Mid‐infrared reflectance spectroscopy of aubrite components

1Andreas Morlok,1Iris Weber,1Aleksandra N. Stojic,2Martin Sohn,1Addi Bischoff,3Dayl Martin,1Harald Hiesinger,4Joern Helbert
Meteoritics & Planetary Science (in Press) Link to Article []
1Institut für Planetologie, Westfälische Wilhelms Universität, Münster, Wilhelm‐Klemm‐Str. 10, Münster, 48149 Germany
2Hochschule Emden/Leer, Constantiaplatz 4, Emden, 26723 Germany
3European Space Agency, Fermi Avenue, Harwell Campus, Didcot, Oxfordshire, OX11 0FD UK
4Institute for Planetary Research, DLR, Rutherfordstrasse 2, Berlin, 12489 Germany
Published by arrangement with John Wiley & Sons

Aubrites Peña Blanca Spring and Norton County were studied in the mid‐infrared reflectance as part of a database for the MERTIS (Mercury Radiometer and Thermal Infrared Spectrometer) instrument on the ESA/JAXA BepiColombo mission to Mercury. Spectra of bulk powder size fractions from Peña Blanca Spring show enstatite Reststrahlen bands (RB) at 9 µm, 9.3 µm, 9.9 µm, 10.4 µm, and 11.6 µm. The transparency feature (TF) is at 12.7 µm, the Christiansen feature (CF) at 8.1–8.4 µm. Micro‐FTIR of spots with enstatite composition in Norton County and Peña Blanca Spring shows four types: Types I and II are similar to the bulk powder spectra but vary in band shape and probably display axis orientation. Type III has characteristic strong RB at 9.2 µm, 10.4 µm, and 10.5 µm, and at 11.3 µm. Type IV is characterized by a strong RB at 10.8−11.1 µm. Types III and IV could show signs of incipient shock metamorphism. Bulk results of this study confirm earlier spectral studies of aubrites that indicate a high degree of homogeneity and probably make the results of this study representative for spectral studies of an aubrite parent body. Spectral types I and II occur in all mineralogical settings (mineral clasts, matrix, melt, fragments in melt vein), while spectral type III was only observed among the clasts, and type IV in the melt. Comparison with surface spectra of Mercury does not obtain a suitable fit, only type IV spectra from quenched impact glass show similarity, in particular the 11 µm feature. Results of this study will be available upon request or via the IRIS database (Münster) and the Berlin Emissivity Database (BED).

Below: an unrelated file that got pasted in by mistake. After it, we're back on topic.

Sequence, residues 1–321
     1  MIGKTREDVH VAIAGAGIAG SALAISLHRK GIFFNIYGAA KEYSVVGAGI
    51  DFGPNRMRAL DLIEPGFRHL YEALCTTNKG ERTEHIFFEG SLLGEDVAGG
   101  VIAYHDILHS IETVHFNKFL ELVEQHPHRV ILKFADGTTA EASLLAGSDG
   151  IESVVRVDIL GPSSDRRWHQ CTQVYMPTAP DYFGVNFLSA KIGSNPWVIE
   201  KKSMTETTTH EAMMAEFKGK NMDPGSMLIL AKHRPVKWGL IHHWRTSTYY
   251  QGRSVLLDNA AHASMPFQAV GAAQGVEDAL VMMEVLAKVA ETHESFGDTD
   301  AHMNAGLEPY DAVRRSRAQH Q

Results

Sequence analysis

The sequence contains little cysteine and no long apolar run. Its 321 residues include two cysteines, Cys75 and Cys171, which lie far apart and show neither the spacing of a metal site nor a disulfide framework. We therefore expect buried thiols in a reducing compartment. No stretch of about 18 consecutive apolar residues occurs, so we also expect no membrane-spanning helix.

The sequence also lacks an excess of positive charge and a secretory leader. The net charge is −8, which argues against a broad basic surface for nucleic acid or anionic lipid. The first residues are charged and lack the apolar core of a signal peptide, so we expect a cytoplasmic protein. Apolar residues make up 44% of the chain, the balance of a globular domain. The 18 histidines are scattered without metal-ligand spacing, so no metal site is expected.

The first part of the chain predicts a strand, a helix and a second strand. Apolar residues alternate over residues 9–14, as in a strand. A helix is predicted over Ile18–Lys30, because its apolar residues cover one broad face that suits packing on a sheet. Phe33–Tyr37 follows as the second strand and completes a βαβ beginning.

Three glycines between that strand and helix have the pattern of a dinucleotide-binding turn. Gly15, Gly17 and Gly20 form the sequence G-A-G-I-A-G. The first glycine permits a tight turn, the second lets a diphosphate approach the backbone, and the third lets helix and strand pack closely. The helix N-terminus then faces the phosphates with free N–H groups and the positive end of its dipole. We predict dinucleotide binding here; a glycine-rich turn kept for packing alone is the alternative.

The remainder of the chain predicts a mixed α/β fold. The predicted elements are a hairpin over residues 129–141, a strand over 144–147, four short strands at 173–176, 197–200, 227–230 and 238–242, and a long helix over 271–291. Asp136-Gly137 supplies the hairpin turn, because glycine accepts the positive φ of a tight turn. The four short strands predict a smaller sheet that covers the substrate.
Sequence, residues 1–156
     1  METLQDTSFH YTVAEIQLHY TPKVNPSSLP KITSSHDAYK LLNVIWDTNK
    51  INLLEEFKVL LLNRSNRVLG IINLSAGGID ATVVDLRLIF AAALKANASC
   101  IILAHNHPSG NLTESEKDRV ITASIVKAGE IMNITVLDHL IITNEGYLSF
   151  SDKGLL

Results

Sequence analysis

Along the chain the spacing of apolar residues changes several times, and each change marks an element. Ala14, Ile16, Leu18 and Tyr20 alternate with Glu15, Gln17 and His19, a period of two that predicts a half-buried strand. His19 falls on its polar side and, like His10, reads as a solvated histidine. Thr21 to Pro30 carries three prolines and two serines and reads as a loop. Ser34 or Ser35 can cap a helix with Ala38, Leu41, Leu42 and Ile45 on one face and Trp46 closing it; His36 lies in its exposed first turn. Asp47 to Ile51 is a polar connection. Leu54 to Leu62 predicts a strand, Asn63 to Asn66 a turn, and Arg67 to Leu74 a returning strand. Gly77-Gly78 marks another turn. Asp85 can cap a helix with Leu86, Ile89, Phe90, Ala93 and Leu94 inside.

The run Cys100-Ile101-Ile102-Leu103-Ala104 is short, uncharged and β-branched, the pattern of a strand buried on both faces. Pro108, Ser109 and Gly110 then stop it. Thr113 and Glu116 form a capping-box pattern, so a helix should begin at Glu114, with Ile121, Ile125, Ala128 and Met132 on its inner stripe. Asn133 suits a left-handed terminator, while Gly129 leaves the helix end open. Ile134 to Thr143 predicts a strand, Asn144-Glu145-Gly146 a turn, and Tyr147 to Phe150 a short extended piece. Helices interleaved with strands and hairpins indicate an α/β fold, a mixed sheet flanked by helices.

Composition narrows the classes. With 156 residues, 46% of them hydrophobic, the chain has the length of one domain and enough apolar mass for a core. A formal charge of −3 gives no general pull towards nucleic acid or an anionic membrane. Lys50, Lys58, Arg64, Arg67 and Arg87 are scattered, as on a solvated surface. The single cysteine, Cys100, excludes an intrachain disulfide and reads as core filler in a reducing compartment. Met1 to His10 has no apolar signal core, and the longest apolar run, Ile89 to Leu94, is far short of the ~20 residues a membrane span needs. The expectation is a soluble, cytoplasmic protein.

A revised shock history for the youngest unbrecciated lunar basalt—Northwest Africa 032 and paired meteorites

1Tatiana Mijajlovic,1Xi Xue,1Erin Walton
Meteoritics & Planetary Science (in Press) Link to Article []
1Department of Physical Sciences, MacEwan University, 10700 104 Ave, Edmonton, Alberta, T5J 2S2 Canada
Published by arrangement with John Wiley & Sons